Painting class with Charles White and Gordon Parks, 1942

The South Side Community Art Center has been a key force in African American art as an incubator for many artists who would go on to define African American visual arts production. When lists are made of the great African American artists of the twentieth century, several key figures always appear Elizabeth Catlett,  Gordon Parks, founding members Archibald Motley, and Charles White. These artists, along with locally renowned Chicago art luminaries and fellow founding members Eldzier Corter, William Carter, and Joseph Kersey, were part of the community that taught classes, learned from their peers, and exhibited at the Center formative years. White created many of the early works included in the “Charles White: A Retrospective,” a major traveling exhibition that opened at the Art Institute in 2018, during his time at the Center. Catlett developed and exhibited her linoleum prints alongside those of Taylor-Burroughs at the Center. It was work done through the South Side Community Art Center and his contacts there that would lead to Parks being awarded the Rosenwald Fellowship, which set the trajectory for the rest of his career.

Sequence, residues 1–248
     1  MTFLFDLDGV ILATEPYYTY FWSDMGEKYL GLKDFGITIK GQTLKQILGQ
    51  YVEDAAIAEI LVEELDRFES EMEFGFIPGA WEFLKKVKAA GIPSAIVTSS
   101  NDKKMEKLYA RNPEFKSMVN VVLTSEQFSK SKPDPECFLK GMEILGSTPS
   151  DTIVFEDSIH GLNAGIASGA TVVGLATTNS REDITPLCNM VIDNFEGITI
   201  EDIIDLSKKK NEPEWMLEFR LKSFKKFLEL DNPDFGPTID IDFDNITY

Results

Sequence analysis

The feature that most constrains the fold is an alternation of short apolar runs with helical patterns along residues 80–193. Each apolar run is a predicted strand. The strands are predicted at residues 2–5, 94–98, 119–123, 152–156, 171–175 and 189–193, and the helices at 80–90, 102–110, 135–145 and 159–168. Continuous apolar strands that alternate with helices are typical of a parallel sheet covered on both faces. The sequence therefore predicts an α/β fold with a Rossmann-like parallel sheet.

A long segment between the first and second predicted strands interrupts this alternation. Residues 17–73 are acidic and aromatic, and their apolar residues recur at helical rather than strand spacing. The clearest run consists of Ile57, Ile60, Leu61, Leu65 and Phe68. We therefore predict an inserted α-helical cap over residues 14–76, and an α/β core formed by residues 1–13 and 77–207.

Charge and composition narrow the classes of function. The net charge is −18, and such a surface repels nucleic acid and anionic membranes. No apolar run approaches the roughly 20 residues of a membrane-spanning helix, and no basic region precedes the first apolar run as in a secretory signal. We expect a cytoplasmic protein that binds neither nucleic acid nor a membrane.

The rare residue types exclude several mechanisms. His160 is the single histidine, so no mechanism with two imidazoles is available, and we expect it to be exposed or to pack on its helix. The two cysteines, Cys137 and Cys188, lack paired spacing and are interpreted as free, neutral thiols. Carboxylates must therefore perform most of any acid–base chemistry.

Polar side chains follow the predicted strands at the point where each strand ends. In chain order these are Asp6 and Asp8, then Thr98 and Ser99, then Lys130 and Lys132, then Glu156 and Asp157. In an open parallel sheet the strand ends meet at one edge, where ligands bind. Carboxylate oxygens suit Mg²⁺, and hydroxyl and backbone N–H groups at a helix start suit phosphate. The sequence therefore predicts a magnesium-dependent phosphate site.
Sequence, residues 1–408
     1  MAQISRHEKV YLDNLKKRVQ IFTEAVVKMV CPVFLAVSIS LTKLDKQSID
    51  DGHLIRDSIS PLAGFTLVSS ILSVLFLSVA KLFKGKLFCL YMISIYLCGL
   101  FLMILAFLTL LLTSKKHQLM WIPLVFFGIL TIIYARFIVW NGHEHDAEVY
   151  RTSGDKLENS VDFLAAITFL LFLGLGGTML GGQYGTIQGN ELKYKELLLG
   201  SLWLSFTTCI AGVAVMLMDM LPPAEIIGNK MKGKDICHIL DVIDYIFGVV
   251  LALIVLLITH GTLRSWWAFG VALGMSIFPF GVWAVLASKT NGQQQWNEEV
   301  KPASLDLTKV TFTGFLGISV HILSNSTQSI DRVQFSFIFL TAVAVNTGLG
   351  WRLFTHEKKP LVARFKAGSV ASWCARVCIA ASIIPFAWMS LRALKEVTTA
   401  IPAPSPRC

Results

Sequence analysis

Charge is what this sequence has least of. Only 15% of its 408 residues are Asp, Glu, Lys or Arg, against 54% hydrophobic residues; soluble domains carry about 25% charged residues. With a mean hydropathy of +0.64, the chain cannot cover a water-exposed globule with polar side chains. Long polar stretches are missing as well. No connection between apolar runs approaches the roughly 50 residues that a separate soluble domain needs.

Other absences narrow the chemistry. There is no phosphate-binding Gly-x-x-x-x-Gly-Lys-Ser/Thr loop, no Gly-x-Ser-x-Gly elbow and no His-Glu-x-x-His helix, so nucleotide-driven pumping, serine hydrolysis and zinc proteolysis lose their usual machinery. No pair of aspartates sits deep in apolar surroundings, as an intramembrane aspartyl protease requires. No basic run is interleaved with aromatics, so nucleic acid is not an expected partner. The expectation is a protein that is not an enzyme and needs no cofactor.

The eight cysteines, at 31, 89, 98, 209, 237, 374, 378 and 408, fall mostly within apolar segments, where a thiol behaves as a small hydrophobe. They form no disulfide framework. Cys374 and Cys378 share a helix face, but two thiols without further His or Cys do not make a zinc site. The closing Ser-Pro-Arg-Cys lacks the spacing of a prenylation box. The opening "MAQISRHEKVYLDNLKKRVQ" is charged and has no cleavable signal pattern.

South Side Community Art Center

The building is a unique space. Unlike the white box gallery that most art patrons are used to, the Center’s exhibition space has wide, wooden plank walls and dark, chocolate-colored floors. The walls cannot be repaired and made to look unused between exhibitions. Instead, the walls show the history of the art that has been hung there. When a young artist in the twenty-first century sees their work hanging in this space, they know that the nails holding it up might be in the same hole a nail was placed to show paintings by Motley or a drawing by White. This unique design is the serendipitous result of another piece of Chicago cultural history, the founding of The Institute of Design in 1937 by German immigrant and Bauhaus member László Moholy-Nagy. Two of the New Bauhaus school members, Hin Bredendieck and Nathan Lerner, reportedly working through the Works Progress Administration, designed the Center’s gallery space in the school’s unconventional style.